Monday 22 June 2015
Frances Fitzgerald TD, Minister for Justice & Equality, has welcomed plans by An Garda Síochána to commence prosecutions for the failure to present driving licenses in Court.
The Minister has expressed concerns at latest figures indicating that a large proportion of person coming before the Courts on road traffic offences were not presenting their licences in Court and in many cases thereby not receiving penalty points.
An Garda Síochána will shortly commence prosecutions, starting at multiple locations nationwide, targeting person not presenting their licences in Court which is an offence under road traffic legislation.
Minister Fitzgerald stated: "It is essential that our Road Traffic Laws are both respected and enforced.
“Enforcement and prosecution of offences in this area is critical to public safety and to reducing deaths on our roads.
“There must be no way-out for anybody seeking to avoid getting penalty points and I welcome the initiative by An Garda Síochána to commence prosecutions for failure to present driving licences in court."
Notes for Editors:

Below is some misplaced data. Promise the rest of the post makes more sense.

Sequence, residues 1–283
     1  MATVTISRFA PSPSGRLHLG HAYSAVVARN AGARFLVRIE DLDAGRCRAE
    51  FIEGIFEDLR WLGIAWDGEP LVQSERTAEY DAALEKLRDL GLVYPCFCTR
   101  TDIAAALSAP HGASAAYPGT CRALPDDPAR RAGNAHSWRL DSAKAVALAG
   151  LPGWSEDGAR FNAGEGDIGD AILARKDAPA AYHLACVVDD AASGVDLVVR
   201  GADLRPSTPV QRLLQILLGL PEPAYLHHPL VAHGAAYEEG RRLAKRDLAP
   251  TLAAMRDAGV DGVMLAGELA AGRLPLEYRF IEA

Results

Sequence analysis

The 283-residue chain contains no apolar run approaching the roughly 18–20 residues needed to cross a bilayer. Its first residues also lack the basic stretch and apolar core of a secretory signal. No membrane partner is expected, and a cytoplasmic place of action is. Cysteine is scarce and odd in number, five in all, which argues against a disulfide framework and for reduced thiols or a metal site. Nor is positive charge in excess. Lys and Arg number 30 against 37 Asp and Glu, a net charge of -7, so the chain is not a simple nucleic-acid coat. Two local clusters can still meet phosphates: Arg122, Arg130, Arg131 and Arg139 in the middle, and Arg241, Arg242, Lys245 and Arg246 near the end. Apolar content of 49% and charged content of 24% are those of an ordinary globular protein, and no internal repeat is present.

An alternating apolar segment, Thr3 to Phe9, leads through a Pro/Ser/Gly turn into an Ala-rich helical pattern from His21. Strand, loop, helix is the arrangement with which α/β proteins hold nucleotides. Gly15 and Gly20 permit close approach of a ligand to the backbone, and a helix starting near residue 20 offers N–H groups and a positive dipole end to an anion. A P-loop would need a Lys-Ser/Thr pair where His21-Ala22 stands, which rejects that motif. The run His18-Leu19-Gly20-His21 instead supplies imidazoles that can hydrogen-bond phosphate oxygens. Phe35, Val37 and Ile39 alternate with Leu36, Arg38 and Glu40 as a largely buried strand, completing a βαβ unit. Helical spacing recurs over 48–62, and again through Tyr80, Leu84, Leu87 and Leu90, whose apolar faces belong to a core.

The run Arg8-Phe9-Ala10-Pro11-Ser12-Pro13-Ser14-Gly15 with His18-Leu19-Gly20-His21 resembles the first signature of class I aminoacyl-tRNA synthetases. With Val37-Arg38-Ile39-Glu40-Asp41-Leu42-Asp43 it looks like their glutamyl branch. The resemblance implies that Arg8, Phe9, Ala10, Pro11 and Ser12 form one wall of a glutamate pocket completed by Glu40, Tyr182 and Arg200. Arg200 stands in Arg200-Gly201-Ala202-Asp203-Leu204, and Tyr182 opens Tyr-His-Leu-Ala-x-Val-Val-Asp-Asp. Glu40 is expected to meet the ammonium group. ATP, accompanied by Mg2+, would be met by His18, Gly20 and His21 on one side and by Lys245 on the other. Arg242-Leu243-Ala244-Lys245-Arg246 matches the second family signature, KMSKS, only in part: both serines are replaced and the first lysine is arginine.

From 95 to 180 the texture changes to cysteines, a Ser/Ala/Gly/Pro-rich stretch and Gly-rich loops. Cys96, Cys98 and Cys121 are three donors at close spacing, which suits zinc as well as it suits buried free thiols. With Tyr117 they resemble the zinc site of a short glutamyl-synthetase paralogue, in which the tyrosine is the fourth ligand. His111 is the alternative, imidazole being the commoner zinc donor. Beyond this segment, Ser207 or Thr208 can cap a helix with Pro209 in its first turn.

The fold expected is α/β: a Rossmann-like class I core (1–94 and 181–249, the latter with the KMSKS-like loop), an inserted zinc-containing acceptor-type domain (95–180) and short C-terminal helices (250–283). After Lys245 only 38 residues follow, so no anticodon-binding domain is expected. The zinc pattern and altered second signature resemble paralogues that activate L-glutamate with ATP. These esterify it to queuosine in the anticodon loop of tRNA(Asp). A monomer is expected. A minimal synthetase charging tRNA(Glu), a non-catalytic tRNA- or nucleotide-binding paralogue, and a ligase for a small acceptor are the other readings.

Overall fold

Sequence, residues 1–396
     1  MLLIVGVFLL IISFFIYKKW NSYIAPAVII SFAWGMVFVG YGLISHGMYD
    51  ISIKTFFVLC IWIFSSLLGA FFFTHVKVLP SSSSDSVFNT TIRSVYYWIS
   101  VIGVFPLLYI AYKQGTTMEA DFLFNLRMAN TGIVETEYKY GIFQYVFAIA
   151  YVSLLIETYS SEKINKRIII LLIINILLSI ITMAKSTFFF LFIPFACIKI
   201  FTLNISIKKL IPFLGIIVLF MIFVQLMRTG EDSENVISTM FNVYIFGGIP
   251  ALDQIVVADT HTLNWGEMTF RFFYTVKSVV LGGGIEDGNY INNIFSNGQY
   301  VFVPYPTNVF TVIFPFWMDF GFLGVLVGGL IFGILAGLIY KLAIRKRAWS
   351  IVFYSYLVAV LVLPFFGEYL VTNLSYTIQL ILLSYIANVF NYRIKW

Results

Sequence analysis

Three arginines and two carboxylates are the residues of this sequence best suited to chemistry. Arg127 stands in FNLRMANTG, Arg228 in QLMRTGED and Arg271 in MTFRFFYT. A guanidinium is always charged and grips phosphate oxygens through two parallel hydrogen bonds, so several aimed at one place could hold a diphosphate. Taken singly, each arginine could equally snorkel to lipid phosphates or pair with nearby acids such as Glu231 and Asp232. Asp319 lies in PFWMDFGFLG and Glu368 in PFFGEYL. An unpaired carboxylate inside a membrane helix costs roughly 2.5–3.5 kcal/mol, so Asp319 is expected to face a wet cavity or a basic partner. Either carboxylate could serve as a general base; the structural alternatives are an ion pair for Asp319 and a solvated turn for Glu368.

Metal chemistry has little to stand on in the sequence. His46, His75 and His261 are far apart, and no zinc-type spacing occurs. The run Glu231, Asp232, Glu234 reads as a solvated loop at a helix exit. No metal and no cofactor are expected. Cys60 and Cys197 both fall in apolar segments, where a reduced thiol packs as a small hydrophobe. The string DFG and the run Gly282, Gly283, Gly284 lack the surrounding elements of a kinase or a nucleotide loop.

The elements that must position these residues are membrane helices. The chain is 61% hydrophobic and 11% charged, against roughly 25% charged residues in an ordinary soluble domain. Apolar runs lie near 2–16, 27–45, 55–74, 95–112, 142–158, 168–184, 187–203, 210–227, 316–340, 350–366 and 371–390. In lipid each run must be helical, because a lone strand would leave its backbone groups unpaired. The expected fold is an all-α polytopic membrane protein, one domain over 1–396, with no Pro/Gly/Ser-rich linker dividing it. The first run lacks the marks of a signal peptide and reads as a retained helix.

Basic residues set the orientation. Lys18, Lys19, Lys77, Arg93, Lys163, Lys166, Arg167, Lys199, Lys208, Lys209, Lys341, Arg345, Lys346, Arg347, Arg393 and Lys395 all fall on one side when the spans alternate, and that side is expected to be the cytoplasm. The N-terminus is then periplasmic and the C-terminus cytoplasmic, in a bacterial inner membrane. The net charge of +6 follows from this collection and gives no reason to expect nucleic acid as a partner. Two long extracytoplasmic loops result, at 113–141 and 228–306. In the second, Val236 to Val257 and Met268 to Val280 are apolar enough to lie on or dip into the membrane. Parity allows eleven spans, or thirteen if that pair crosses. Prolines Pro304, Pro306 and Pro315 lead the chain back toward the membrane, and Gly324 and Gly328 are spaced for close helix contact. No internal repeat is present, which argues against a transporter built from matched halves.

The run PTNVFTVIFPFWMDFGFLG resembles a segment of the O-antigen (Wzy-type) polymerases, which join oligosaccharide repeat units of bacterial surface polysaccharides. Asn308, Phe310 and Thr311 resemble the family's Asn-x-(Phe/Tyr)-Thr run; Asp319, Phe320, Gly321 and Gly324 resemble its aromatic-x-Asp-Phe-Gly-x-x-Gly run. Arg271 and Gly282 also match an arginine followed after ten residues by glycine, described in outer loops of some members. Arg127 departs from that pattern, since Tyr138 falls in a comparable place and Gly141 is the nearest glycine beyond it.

Figures provided by the Court Service indicate that in 2014 there were 21,709 persons convicted under the Road Traffic Act of a Penalty Point offence. However, only 8,059 persons had their Driver Licence Number recorded on the Criminal Case Tracking System (CCTS). The penalty points are notified to the National Vehicle and Driver File and assigned to the relevant driver record in all cases where driving licence details are supplied. Where a driving licence number is not recorded penalty points are assigned through a process of matching with other available identification information. It is not always possible to achieve a match and in these cases penalty points are not assigned to individual driving licence records.
It is an offence under section 22 of the Road Traffic Act 2002 (as amended) to fail to produce your licence and in such instances the general penalties provided for in section 102 of the Road Traffic Act 1961 (as amended) apply. These penalties provide for up to €1,000 for first offence rising to €2,000 on second and subsequent offences, and/or up to 3 months imprisonment for third and subsequent offences within a 12 month period. The penalty applied on conviction in any particular instance is a matter for the judge to determine.
In addition to the Garda initiatives, as part of the ongoing examination of this issue the Criminal Justice (Fixed Charge Processing System) Working Group is studying other possible measures to assist with the association of driving licence details with penalty points.